By writer and poet
Dante Fog is about a young man called Angus Fog, who has to return from London to New Zealand to deal with childhood trauma.
"While other boys celebrated their raging hormones by scragging each other from one end of the sports field to the other, Angus Fog was the solitary figure that watched. While other boys played rugby in winter, tagged and bombed each other at the town pool in summer, he sat and did nothing because in his twelfth year, Angus lost his passion. He subconsciously suppressed the why and when the event took place but the repercussions would significantly impact his life.
Angus works for ten years as a theatre designer and builder in Wellington, New Zealand, before his mother, frustrated with his lack of artistic success, buys him a ticket to London. There he creates an alter-ego from the clique bohemian art world. He changes his appearance and name and becomes the successful artist, Dante Fog.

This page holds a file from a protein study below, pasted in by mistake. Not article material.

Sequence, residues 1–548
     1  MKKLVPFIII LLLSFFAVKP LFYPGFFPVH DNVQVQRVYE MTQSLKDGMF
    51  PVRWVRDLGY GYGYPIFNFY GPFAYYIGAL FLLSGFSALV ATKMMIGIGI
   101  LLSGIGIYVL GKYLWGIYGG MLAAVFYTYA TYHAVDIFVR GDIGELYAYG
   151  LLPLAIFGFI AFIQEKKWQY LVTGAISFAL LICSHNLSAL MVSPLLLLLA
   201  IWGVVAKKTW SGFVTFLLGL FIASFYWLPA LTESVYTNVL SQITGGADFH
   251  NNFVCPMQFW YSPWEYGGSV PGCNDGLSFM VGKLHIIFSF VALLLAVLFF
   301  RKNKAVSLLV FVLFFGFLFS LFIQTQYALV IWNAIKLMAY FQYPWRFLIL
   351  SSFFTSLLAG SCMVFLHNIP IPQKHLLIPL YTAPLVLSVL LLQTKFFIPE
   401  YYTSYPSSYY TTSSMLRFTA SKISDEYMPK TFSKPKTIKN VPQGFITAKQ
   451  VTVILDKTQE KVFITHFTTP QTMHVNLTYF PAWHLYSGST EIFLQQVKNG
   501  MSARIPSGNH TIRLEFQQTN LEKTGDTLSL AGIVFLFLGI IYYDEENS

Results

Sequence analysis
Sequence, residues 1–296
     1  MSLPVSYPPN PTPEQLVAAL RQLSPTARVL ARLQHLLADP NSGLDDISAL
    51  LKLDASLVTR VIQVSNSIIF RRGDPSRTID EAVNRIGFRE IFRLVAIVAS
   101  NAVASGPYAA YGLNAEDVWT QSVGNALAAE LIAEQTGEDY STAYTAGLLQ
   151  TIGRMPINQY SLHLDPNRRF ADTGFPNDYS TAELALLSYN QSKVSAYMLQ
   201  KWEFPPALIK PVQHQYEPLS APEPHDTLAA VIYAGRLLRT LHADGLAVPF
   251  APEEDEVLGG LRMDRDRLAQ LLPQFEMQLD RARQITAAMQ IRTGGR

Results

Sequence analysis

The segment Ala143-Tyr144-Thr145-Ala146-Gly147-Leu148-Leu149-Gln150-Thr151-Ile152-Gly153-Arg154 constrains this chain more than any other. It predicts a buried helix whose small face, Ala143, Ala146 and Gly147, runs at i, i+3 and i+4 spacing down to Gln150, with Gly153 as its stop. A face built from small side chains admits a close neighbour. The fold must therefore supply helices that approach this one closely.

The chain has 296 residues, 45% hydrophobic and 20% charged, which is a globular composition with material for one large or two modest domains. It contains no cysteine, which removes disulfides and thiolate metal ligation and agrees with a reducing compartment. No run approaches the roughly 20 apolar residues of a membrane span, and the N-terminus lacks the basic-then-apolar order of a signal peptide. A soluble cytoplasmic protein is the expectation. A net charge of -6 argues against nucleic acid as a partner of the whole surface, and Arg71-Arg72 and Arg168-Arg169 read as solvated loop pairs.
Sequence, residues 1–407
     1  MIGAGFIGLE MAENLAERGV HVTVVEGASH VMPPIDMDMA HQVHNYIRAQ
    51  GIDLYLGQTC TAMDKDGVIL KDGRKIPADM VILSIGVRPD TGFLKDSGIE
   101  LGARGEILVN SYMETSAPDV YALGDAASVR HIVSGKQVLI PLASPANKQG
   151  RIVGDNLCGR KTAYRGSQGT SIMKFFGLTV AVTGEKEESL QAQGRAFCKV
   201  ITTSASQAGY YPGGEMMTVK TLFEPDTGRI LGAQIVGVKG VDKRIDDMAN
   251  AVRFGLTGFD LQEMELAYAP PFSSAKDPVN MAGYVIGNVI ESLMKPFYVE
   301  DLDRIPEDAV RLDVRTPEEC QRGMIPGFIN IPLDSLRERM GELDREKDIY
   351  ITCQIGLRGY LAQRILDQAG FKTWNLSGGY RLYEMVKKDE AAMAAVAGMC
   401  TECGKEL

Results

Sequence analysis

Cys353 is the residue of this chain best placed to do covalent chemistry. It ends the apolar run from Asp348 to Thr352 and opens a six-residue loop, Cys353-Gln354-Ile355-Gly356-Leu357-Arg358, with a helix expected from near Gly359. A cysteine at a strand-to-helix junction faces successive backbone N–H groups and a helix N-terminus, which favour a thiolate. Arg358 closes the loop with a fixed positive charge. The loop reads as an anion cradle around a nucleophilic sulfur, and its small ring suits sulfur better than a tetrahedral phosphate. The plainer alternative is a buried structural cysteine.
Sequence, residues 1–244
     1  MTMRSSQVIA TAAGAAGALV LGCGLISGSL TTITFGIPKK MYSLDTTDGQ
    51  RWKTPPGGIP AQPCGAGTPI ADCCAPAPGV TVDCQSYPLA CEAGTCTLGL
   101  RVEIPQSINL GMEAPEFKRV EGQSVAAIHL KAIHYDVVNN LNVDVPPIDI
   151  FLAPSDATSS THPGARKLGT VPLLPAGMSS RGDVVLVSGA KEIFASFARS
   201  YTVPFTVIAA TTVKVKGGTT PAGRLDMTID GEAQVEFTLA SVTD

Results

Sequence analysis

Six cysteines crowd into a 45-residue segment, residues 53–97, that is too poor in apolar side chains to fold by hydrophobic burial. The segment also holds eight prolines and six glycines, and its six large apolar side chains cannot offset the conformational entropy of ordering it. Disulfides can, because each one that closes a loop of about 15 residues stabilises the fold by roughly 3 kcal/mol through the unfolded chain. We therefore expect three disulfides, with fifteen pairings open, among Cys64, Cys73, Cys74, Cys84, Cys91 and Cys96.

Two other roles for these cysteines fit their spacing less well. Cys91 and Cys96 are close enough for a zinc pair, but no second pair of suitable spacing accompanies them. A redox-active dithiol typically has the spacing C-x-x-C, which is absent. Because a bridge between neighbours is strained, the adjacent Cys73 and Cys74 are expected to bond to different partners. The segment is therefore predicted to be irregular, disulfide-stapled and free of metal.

Dante’s initial subject matter is the beauty in other people’s childhoods. Later, he searches for beauty in the adult world but fails to find it, until he falls in love with Bronagh. When Dante wakes on the floor of his studio hungover and fearing he may, in a jealous rage, have killed Bronagh or her suspected ‘new lover’ or both of them, the magnitude of that unknown childhood event resurfaces. Dante must return to New Zealand as Angus to uncover what he suppressed all those years ago."
The mother in the novel tells her son, "There are no better observers of life than artists." Greenhill totally agrees, "artistic license takes life and makes it art. That is why I write poetry and prose and make gin, and Jo paints. There is a beautiful complexity in discovering and understanding the layers in the mirror looking back at us. Our art attempts to express it, so does the character of Dante Fog."
Dante Fog was published by Austin Macauley Publishers in London last year and is an autobiographical fiction (yes, that is a genre).